The angel knows how to mediate this terrifying intrusion with words we all want to hear.
"Don't be afraid! You have found favor with God."
"Here I am," she responds with such simplicity and faith, as the angel reminds her, "With God nothing is impossible."
Mary helps us know by her own bodily experience something about ourselves, our bodies -- we are all carriers and deliverers of God, gathering and dispersing God beyond, between and within us. God can arrive in the story of your own body. This is the power of the story at Christmas; nothing is impossible with God.
For the Word will be made flesh and dwells among us and we behold this glory come to be among us, full of grace and truth.
On this last Sunday in Advent, remember that God will make us a house, but it will be a house of the spirit, without walls and without borders, but filled with the possibility of new life. In this story, God gives us plenty of assurance against our fears and our failings, our emptiness and even our fullness… "Do Not be Afraid!"
Rumi, the poet and mystic, invites us to join in the dance of the Spirit in his poetry. Here is a poem to be read at Advent because it gives wonderful instructions of how we might live in expectancy of the Spirit.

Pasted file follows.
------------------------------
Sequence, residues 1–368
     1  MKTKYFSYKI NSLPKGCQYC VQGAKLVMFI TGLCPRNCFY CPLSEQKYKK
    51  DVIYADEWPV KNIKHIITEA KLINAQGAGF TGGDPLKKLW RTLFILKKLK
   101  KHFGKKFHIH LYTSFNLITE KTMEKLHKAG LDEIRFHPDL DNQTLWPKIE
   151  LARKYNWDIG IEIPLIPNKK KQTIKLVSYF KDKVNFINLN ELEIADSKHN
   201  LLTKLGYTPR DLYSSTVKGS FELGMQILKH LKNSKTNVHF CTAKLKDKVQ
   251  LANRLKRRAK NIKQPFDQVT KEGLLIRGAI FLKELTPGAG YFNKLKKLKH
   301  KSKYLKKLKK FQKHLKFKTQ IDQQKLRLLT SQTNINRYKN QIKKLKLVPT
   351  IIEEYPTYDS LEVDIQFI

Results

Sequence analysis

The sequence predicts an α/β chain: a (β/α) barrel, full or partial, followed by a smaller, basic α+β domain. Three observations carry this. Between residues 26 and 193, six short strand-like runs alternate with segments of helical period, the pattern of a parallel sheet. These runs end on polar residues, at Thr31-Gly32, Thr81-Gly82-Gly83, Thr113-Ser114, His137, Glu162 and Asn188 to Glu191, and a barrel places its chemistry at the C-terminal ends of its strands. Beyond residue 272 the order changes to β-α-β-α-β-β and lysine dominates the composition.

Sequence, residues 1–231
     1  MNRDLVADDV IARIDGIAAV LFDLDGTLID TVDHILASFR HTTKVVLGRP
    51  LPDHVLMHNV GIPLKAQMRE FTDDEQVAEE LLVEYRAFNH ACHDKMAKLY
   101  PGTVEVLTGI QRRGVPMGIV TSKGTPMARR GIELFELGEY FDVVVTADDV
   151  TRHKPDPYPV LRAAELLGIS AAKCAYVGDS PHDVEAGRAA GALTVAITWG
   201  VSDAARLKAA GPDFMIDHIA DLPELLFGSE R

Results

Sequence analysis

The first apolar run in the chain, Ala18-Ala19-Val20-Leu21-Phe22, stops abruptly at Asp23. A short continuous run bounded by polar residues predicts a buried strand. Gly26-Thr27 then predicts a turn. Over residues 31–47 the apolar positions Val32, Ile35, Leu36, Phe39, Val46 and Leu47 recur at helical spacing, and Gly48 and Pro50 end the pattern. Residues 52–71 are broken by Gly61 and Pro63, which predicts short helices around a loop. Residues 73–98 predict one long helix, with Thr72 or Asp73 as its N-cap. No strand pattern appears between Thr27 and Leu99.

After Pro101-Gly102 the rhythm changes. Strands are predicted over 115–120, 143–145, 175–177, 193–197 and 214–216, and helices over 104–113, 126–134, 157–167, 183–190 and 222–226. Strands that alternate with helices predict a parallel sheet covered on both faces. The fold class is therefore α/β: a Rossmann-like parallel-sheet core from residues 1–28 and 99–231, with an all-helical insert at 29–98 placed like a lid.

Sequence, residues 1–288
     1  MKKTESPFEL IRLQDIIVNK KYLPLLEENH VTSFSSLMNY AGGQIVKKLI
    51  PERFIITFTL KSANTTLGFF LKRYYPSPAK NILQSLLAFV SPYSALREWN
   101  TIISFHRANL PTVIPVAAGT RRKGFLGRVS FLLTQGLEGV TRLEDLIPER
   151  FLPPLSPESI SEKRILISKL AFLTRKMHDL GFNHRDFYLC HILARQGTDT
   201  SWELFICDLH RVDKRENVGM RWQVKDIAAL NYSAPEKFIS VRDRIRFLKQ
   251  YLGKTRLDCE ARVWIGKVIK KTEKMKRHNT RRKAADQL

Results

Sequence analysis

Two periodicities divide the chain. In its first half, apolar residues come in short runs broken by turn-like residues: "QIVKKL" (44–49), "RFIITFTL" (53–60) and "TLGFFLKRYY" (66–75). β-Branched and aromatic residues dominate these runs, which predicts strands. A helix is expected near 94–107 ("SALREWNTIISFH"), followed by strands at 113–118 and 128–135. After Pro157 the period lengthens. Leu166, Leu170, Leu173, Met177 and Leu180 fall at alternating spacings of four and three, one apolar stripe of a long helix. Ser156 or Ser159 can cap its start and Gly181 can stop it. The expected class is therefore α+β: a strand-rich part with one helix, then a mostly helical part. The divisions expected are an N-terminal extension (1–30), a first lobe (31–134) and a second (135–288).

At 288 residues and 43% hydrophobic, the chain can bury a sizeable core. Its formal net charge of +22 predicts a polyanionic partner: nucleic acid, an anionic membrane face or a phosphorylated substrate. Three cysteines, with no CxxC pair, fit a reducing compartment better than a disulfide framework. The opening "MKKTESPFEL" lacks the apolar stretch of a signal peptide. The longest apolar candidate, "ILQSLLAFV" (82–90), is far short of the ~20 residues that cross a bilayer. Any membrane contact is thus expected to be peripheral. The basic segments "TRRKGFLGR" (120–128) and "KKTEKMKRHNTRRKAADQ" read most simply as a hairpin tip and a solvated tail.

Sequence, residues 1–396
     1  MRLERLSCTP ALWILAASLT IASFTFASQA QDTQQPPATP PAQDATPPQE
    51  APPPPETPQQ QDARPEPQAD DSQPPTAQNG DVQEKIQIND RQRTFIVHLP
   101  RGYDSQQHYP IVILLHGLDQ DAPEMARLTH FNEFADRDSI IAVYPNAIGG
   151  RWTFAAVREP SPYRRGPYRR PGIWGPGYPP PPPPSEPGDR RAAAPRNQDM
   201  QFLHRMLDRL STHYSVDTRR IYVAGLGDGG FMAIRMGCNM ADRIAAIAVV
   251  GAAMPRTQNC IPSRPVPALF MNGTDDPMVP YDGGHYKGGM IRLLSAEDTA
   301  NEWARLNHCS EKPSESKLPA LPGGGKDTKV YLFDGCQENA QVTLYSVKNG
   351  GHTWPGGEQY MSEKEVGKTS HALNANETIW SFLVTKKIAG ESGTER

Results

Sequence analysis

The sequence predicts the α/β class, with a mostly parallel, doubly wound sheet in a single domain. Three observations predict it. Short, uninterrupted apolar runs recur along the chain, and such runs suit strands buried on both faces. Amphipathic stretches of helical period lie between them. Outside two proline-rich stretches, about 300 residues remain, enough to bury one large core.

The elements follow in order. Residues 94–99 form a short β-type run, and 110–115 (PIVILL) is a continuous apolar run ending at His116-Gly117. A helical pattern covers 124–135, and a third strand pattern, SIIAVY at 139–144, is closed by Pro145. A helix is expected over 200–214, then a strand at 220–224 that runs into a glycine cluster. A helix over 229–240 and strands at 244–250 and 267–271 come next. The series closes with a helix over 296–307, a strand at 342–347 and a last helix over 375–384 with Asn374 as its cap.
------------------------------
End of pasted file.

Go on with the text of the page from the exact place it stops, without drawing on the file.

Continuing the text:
"There is a community of the spirit.
Join it, and feel the delight
Of walking on the noisy street,
And being the noise.
Close both eyes
To see with the other eye.
Open your hands
If you want to be held.
Sit down in this circle.
Quit acting like a wolf
And feel the shepherd's love filling you.
Be empty of worrying,
Think of who created thought!
Why do you stay in this prison when the door is so wide open?
Move outside the tangle of fear thinking.
Live in silence.
Flow down and down in always widening rings of being.
There's a strange frenzy in my head,
Of birds flying, each particle circulating on its own.
Is the one I love everywhere?"
May God who is love come to you today.
Be Not Afraid!